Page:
Islamabad/Washington: American officials said they had strong indications that Badruddin Haqqani, the operational commander of the Haqqani network, was killed in a drone strike on Friday which claimed at least 18 lives, US media reported on Saturday.
"There are indications that Haqqani has met his demise," a newspaper quoted a senior US official in Washington as saying.
He said that officials were waiting to sift through evidence, including information on jihadist web sites, before they could be certain that Haqqani was dead, Pakistani news agency Online reported.
The caution stems from previous erroneous claims by American and Pakistani officials about militant deaths in Waziristan.
The newspaper said Haqqani, who is in his 30s, runs the Haqqani network's day-to-day militant operations, handles high-profile kidnappings and manages its lucrative smuggling operations, according to a recent report by the Combating Terrorism Center. He is considered second in seniority to the Haqqani network's leader, his older brother Sirajuddin Haqqani.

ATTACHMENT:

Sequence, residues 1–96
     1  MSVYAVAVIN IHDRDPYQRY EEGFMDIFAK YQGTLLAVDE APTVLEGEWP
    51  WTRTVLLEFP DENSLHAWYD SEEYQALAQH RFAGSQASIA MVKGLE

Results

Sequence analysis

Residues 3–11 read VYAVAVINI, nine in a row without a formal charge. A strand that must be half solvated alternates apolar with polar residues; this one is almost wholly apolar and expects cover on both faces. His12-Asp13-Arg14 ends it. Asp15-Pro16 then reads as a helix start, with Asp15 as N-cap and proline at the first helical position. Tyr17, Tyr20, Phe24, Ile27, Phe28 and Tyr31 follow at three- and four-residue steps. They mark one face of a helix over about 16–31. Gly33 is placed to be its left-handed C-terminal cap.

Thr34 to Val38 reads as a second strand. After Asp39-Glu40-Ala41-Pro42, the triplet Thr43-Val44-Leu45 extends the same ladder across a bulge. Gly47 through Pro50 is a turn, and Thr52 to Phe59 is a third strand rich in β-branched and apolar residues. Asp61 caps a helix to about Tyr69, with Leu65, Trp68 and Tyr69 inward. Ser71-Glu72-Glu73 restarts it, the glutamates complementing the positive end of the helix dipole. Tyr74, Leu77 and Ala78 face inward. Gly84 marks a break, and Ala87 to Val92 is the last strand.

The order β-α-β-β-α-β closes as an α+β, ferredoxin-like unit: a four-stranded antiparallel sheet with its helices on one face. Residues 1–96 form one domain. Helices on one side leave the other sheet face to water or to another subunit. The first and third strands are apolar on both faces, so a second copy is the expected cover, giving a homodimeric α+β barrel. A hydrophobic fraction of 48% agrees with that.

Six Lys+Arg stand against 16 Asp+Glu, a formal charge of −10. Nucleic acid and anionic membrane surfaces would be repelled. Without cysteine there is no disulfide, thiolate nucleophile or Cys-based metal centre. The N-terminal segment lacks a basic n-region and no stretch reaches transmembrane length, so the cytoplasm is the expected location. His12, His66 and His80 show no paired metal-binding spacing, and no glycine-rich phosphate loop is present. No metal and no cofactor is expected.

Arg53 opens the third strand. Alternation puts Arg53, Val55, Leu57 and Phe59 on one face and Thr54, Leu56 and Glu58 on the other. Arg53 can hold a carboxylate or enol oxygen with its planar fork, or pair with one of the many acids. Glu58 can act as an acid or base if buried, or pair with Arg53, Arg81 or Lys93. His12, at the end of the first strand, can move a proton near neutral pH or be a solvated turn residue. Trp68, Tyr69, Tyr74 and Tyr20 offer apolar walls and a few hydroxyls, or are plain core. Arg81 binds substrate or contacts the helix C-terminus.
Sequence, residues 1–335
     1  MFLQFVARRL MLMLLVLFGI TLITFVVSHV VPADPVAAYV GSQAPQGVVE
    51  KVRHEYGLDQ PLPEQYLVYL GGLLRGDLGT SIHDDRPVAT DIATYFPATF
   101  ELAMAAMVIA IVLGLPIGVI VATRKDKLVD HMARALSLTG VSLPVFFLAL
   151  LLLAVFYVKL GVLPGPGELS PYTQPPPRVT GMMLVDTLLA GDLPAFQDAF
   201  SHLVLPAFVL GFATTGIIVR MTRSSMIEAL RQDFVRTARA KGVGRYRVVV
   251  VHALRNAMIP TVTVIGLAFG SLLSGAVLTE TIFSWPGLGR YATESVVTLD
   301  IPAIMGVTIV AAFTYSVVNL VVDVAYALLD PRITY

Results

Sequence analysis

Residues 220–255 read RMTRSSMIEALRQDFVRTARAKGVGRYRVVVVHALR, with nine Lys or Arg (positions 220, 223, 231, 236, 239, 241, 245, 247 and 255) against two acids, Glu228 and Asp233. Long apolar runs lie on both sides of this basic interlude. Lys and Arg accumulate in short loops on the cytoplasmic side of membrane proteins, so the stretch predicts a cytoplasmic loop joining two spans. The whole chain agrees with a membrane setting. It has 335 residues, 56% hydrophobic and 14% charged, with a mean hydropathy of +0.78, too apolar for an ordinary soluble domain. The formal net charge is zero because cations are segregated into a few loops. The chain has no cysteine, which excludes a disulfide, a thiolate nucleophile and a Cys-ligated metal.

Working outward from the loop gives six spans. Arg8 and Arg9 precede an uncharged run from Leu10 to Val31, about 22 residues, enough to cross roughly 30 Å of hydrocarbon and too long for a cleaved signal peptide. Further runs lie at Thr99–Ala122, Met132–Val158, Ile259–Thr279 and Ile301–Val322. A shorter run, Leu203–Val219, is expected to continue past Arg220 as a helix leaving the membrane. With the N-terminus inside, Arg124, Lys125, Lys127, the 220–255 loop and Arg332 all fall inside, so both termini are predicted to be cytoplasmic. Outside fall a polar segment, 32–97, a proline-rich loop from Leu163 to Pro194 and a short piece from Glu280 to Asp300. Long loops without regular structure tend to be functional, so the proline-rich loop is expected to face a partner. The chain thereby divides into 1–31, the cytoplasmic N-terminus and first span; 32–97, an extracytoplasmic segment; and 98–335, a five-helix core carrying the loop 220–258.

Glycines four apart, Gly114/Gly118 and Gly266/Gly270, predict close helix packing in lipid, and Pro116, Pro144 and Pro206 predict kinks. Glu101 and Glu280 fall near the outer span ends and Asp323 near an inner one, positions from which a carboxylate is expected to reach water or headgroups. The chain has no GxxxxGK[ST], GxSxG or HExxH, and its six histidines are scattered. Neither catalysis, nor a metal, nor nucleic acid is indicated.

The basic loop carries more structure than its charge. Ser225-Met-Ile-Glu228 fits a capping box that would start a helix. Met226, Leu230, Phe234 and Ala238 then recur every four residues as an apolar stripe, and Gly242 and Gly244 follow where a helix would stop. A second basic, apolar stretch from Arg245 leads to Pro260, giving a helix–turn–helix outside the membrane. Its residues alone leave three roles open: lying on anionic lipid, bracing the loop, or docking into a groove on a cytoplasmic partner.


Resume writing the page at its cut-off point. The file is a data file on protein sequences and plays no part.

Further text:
Both men are believed to direct operations in Afghanistan from their haven in North Waziristan, it said. In August 2011, Afghan intelligence released intercepts of Badruddin Haqqani directing a daring assault on Kabul's Intercontinental Hotel; three years before that he held a reporter for The New York Times, David Rohde, hostage.
"Badruddin Haqqani has been at the centre of coalition attacks in Afghanistan as well as mischief in Pakistan," said the American official who spoke on condition of anonymity.
By Friday evening, reports of Haqqani's death were circulating in Pakistan's tribal belt. In Washington, the CIA declined to comment, as did the White House.
The last major successful drone strike in Pakistan was the assassination of the Al Qaeda deputy leader, Abu Yahya al-Libi, in June.
Early Friday, US drones fired at least six missiles at three locations in the Shawal Valley. Among the 18 people reported to have been killed was Emeti Yakuf, a senior leader of the East Turkestan Islamic Movement, a group from western China whose members are Chinese Uighur Muslim militants.